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CX is growing in corporate influence - so why are customers still dissatisfied?

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Businesses are making more senior customer experience appointments, and their strategies are becoming more sophisticated - but their good work is being undone by digital shortcomings. 

6th Oct 2021
Editorial Assistant MyCustomer
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The influence of customer experience management is growing within many organisations, with senior CX professionals being appointed and customer strategies becoming more advanced. However, while businesses are convinced this is translating into improved service levels, customers beg to differ - with digital interactions the main culprit. 

These are the findings of the latest Global Customer Benchmarking Report (GCXBR) from NTT, an annual survey assessing the global state of play for customer experience across multiple sectors and markets. 

The report, which interviewed 1,359 professionals across 34 global markets and 14 different sectors, reiterated the shift in CX strategy and focus that in recent months has seen major players such as McDonald's and Volkswagen appointing dedicated CX teams and senior customer experience leaders to oversee large parts of the organisation. 

Key findings in the study included: 

  • 75% of organisations now have ultimate accountability for CX held at the board level, up from 35% in 2020.

  • The rate of organisations with ‘well advanced’ or ‘complete’ CX strategies has more than doubled to 71%, up from 28% in 2020.

  • The rate of organisations reporting being ‘very satisfied’ with their CX has risen to 45%, up from 10% in 2020.

However, despite these significant developments, the Voice of the Customer (VoC) section of the NTT survey was far less encouraging. Whilst 87% of customers did report that they were happy to continue using digital channels at the increased levels triggered by the pandemic, and 38% said that the quality of automated CX systems had improved over the course of the pandemic, there was clear evidence that customers do not share organisations’ optimistic appraisal of the experiences being delivered.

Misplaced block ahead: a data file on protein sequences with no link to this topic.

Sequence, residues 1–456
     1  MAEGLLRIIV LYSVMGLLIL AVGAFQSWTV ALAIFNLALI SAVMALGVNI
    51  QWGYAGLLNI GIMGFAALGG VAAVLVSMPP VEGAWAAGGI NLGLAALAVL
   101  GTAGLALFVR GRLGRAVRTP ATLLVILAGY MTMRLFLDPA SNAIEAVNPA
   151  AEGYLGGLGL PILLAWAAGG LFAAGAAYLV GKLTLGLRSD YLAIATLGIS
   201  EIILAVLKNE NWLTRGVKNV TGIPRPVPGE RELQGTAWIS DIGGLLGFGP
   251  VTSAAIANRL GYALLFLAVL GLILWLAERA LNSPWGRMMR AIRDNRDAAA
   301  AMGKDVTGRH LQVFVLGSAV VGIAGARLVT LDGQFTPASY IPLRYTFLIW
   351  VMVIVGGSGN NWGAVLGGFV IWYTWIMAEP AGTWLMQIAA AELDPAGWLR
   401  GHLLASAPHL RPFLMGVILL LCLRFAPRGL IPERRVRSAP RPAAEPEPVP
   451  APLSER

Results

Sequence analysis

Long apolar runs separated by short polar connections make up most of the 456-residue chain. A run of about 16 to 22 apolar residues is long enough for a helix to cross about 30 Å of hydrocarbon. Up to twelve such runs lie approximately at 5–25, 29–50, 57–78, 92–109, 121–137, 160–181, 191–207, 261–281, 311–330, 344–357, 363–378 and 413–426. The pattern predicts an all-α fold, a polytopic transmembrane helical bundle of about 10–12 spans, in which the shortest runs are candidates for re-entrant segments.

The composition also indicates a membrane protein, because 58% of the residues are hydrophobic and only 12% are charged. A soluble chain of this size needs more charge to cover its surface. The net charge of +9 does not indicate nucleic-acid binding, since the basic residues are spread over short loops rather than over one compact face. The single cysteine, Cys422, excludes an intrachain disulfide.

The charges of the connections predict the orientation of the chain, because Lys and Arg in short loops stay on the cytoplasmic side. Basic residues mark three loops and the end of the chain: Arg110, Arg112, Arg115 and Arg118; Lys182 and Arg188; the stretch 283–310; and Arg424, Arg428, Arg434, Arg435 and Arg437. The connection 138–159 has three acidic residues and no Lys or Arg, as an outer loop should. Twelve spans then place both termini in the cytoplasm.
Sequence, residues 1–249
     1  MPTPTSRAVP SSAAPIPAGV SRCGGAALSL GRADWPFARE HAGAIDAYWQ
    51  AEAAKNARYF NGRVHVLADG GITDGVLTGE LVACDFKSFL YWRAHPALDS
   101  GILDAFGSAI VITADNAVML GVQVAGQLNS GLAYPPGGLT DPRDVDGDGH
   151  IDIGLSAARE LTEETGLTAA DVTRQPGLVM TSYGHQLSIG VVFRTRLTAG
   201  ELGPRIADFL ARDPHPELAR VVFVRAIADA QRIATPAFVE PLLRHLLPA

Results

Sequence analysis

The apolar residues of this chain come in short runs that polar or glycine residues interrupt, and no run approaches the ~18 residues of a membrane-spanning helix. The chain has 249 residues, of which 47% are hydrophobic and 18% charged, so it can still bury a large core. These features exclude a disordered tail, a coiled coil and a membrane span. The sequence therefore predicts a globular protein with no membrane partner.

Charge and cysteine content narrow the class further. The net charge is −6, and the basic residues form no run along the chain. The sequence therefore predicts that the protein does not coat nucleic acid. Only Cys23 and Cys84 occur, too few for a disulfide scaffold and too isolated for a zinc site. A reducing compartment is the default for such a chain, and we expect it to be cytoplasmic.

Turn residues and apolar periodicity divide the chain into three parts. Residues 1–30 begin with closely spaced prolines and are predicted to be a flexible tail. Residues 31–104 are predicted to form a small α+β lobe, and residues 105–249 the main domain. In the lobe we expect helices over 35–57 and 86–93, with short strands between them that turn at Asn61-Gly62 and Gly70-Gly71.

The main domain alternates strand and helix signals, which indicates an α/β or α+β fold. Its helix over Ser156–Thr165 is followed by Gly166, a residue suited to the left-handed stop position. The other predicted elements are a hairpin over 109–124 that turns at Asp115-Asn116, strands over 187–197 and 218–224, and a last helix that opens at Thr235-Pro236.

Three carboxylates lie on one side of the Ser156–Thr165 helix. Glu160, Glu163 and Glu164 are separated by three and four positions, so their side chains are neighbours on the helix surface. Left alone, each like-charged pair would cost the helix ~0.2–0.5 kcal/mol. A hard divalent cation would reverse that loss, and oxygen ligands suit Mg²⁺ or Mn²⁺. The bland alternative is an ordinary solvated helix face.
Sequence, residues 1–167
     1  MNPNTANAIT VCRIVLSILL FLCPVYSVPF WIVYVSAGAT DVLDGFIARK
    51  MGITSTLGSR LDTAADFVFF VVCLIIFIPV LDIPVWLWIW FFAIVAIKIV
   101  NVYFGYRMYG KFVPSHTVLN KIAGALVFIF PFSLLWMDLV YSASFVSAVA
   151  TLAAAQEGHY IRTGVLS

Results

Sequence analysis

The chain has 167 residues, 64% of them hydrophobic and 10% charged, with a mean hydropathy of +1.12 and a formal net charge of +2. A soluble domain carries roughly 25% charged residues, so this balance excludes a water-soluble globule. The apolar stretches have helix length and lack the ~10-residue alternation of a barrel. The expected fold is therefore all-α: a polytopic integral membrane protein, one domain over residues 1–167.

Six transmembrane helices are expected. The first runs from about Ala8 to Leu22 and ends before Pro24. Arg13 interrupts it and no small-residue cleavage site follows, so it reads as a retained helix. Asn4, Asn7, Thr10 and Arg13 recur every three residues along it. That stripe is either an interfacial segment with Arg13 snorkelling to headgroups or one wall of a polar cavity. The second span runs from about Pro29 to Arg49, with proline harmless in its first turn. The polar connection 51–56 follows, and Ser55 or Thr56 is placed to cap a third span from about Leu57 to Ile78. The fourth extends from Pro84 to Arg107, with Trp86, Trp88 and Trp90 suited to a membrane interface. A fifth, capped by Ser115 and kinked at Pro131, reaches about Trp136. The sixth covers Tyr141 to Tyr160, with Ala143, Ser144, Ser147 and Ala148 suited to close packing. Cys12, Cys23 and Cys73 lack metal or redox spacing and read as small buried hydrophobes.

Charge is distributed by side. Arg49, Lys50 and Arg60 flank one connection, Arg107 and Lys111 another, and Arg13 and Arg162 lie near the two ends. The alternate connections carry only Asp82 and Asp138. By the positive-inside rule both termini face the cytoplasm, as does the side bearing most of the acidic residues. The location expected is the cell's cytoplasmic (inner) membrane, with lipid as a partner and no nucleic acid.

And in particular, it is digital interactions that are leading to disappointment. 

The research found that over half (52%) of consumers say that digital channels are failing them due to limited capabilities or services, while nearly half (44%) of experience failures reported by respondents were due to digital channels misunderstanding their queries. 

The digital shortcomings are so significant that just 35% reported that they were ‘very satisfied’ with automated CX solutions. 

The findings indicate that customer experiences are still suffering from the well-documented 'Dash to Digital' that occurred during the pandemic, with organisations rushing to accommodate the greater requirement for digital service channels, but prioritising speed of deployment over performance. 

Recent research from the Institute of Customer Service indicated that while customers were understanding of imperfect digital service during the early days of the pandemic, those excuses have now worn thin, and NTT's findings appear to support this. 

Reflecting on the results of the report, Rob Allman, the vice president of customer experience at NTT, noted: “The addition of VoC data this year has shone a spotlight on a really interesting situation. It’s allowed us to spot a – potentially growing – disparity between how businesses assess their own performance and how consumers perceive CX.”

Although the results of the VoC section of the report make for disappointing reading, the fact that there is an evident growing trend of businesses assigning more time and resources to CX is still a definite positive for the sector and customers moving forward. With such a large proportion of customer dissatisfaction being caused by digital shortcomings, it can only be hoped that the senior CX appointments reported in the NTT report will be making digital customer service improvements a priority.

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